The required time argument can be one of the following:
1. A number followed by an optional suffix. The at command interprets 1-
and 2-digit numbers as hours. It interprets 4 digits as hours and
minutes. The LC_TIME environment variable specifies the order of
hours and minutes. The default order is the hour followed by the
minute. You can also separate hours and minutes with a : (colon).
The default order is hour:minute. In addition, you can specify a
suffix of am, pm, or zulu. If you do not specify am or pm, at uses a
24-hour clock. The suffix zulu indicates that the time is UTC
(Coordinated Universal Time).
2. The at command also recognizes the following keywords as special
times: noon, midnight, now, A for a.m., P for p.m., N for noon, and M
for midnight. The time argument specifies a time in the future. For
example, if the current time is 9:02 p.m., and you specify a time of
9P, the command is executed at 9 p.m. the next day. However, if the
current time is 8:58 p.m. and you specify 9P, the command is executed
in two minutes. The LC_TIME environment variable controls the
keywords that at recognizes. Keywords are defined on a locale basis.
You can specify the date argument as either a month name and a day number
(and possibly a year number preceded by a comma), or a day of the week.
The LC_TIME environment variable specifies the order of the month name and
day number (by default, month followed by day). The at command recognizes
two special days, today and tomorrow by default. The special day today is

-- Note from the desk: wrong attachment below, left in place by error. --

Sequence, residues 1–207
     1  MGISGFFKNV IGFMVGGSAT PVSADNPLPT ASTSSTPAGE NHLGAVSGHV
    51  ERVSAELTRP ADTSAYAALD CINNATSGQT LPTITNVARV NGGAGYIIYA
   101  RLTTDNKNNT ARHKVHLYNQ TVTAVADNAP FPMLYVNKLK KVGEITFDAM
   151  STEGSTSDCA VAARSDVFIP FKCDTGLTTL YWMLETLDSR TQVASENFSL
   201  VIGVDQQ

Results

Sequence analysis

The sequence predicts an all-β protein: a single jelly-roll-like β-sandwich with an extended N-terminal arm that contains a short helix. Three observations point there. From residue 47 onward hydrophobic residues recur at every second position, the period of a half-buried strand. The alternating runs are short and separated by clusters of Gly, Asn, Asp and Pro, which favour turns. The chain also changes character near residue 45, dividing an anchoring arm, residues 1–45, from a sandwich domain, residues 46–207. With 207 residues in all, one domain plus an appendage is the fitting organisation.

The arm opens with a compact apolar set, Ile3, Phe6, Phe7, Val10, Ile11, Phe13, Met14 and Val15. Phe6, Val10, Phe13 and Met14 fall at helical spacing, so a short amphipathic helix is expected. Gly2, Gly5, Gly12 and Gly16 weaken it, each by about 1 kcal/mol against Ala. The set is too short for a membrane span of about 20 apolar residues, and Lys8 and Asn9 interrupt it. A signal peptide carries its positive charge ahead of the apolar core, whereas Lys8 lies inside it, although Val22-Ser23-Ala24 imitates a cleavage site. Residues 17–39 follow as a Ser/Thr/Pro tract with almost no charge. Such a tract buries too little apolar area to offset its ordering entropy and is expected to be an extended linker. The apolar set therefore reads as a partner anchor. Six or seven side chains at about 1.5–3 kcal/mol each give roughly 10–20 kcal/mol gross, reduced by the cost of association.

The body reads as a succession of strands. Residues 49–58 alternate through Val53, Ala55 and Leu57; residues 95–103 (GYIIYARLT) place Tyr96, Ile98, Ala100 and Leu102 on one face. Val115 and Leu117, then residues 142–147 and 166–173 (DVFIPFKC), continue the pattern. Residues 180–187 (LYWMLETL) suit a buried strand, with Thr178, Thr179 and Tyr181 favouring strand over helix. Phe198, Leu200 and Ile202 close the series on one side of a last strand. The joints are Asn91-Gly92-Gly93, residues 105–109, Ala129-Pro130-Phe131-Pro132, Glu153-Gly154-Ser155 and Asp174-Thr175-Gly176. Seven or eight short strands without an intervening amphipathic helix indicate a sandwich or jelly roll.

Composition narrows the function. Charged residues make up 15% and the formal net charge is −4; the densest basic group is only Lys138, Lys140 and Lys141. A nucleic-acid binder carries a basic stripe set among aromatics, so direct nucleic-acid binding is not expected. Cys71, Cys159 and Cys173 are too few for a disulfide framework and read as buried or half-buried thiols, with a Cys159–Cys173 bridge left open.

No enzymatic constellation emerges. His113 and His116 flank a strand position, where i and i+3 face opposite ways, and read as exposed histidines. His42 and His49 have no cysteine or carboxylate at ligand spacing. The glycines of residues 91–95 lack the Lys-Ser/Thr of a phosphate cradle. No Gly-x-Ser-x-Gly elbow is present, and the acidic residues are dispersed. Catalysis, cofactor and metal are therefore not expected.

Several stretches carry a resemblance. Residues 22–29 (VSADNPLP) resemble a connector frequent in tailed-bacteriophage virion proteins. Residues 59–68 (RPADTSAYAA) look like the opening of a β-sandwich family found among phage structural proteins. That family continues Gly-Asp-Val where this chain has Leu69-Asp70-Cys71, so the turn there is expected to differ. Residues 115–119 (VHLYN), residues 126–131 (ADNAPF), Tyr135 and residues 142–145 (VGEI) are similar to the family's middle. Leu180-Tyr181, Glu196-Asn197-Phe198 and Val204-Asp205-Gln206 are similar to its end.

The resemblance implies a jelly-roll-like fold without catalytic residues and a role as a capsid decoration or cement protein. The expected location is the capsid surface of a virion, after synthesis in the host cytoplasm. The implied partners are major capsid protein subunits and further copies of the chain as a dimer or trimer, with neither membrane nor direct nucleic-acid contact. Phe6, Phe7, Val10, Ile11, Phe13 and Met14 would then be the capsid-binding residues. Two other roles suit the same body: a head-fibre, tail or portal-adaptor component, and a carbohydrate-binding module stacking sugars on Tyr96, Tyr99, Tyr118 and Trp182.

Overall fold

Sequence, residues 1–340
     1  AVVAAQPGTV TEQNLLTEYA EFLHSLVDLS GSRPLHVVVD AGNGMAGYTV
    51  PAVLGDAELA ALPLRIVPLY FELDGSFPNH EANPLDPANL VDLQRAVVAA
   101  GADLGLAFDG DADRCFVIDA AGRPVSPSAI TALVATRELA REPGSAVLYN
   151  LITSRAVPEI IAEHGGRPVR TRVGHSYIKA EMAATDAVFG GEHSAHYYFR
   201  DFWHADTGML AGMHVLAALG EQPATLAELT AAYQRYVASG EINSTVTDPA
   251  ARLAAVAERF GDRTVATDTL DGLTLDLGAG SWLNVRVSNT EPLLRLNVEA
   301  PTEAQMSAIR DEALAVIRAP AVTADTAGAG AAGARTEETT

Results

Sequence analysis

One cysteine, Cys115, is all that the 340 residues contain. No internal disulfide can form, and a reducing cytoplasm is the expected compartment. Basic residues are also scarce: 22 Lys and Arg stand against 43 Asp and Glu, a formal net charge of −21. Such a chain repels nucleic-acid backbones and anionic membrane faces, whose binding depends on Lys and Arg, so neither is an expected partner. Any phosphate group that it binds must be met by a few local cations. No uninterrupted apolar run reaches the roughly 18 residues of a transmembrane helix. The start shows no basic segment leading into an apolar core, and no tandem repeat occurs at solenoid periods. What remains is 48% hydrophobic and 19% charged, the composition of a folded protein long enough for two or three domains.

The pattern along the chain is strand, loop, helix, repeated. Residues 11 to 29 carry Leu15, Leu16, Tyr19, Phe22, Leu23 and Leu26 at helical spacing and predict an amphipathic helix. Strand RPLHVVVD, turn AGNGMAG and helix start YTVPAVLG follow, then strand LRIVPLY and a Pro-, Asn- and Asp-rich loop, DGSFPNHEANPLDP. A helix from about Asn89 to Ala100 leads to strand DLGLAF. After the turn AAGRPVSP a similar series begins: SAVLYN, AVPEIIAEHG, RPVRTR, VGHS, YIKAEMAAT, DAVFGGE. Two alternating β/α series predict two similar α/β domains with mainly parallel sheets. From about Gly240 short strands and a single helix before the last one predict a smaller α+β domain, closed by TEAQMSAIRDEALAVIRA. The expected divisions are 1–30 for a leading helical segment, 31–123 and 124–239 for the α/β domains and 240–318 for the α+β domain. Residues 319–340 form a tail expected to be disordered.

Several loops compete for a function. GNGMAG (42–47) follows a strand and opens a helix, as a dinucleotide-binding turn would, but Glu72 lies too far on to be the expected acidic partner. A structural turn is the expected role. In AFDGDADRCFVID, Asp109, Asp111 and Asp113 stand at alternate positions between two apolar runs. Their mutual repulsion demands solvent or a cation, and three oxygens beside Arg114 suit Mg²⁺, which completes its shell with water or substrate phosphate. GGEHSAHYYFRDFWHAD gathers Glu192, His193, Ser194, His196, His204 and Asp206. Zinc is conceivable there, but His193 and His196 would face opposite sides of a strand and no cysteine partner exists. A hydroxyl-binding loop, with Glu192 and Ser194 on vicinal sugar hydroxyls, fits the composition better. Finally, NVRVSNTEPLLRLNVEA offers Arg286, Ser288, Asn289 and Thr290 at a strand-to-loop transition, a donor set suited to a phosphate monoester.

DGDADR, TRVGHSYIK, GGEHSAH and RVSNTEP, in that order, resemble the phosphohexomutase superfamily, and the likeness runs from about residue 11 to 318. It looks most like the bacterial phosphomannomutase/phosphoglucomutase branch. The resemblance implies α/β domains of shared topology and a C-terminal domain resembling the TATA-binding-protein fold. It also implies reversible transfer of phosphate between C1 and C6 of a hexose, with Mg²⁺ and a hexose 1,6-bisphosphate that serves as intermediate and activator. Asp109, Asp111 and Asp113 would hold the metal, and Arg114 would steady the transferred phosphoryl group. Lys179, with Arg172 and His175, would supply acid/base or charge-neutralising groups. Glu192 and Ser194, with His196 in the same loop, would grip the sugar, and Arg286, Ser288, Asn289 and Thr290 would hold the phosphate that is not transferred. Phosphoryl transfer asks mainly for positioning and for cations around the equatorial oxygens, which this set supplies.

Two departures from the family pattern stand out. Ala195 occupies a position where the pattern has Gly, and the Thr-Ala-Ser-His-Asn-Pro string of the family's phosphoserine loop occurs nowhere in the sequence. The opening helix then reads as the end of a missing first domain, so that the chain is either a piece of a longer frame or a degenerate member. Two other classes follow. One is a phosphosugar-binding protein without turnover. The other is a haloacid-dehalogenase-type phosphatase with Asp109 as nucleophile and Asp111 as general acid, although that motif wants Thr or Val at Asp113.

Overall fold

the default date if the specified time is later than the current hour; the
special day tomorrow is the default if the time is earlier than the current
hour. If the specified month is less than the current month (and a year is
not given), next year is the default year.
The optional increment can be one of the following:
· A + (plus sign) followed by a number and one of the following words:
minute[s], hour[s], day[s], week[s], month[s], year[s] (or their
locale specific equivalents).
· The special word next followed by one of the following words:
minute[s], hour[s], day[s], week[s], month[s], year[s] (or their local
Job numbers are specified as follows:
[Tru64 UNIX] The user argument identifies the user who scheduled the job;
xxxxxxxxx is a 9-digit number (encoded time for the job); and y indicates
the job type or queue name as follows:
Argument Job Type
a at job
b batch job
e ksh job
f csh job
Setting the DATEMSK Environment Variable
[Tru64 UNIX] If the DATEMSK environment variable is set, it points to a